October customs and traditions in Romania

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The month of October also known as ‘Brumarel‘ in the folk tradition, as the hoarfrost begins now, announces the coming of the cold season, with most of the works in that period consisting especially in preparations for the winter. If the leaves of the trees get yellow and fall early, this means the next year will be prosperous. If it rains considerably in October, December will be windy and if there’s much hoarfrost or even snow, the weather in January will be fine.

In ancient times, the first day of October used to be dedicated to an almost unknown saint: Saint Procoava, who gives gorgeous and soft hair to young unmarried girls. Therefore, Procoavelor Feast is also known as the Hair’s Celebration. They believe God sanctified Procoava among the first ones, giving him the task of covering the earth with a first layer of snow.

According to traditional belief, virgins who lacked hair devoutly worshiped this very day so they’ll have gorgeous hair, thus becoming more pleasant to young men that hardly paid any attention to them. Young girls used to think thereby their destined will come sooner and they will get married.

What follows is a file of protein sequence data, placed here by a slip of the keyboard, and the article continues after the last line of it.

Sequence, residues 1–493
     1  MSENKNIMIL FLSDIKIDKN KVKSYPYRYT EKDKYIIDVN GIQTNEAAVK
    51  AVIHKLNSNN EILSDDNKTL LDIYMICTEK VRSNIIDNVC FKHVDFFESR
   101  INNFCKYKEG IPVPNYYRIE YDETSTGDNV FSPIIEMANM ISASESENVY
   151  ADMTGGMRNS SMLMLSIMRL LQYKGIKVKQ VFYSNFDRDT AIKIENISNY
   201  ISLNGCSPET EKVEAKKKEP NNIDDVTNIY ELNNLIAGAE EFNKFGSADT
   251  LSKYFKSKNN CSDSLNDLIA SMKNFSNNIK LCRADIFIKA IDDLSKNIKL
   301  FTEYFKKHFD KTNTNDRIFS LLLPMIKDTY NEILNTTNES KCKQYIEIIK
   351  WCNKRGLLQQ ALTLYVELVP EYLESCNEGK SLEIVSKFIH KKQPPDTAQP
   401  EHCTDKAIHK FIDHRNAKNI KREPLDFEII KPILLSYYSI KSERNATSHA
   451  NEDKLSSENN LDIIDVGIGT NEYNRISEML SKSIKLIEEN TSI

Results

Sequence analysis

According to meteorologists quoted by Adevarul daily, the first snow on October in our country was registered on October 15, 1970 and the first layer of snow on October 26, 1988. October is the month when peasants are mainly looking out for their households. They gather fruits, corn, potatoes, turnips, and they replant strawberries are raspberries. It is also the perfect month when they are plowing and sowing for autumn or cleaning trees and gardens. Tradition say if quince and walnut harvest is rich there will be a harsh winter.

For Orthodox Christians celebrating October abounds in important customs. The first and most important is the feast of St. Pious Parascheva (Sfanta Cuvioasa Parascheva), celebrated on 14 October. Tradition says that if until now it didn’t rain, winter will come soon. Also on this day fairs take place in order to turn sheep products to profit.

Saint Dumitru, also known as “Samedru”, is celebrated on the 26th of October. As St. Gheorghe takes care that on his day the land is green, so does St. Dumitru, who sees to make the soil black, without any grass. When St. Dumitru is riding his horse around the world, the leaves are falling and the winter comes. He is also known as the shepherd’s protector.

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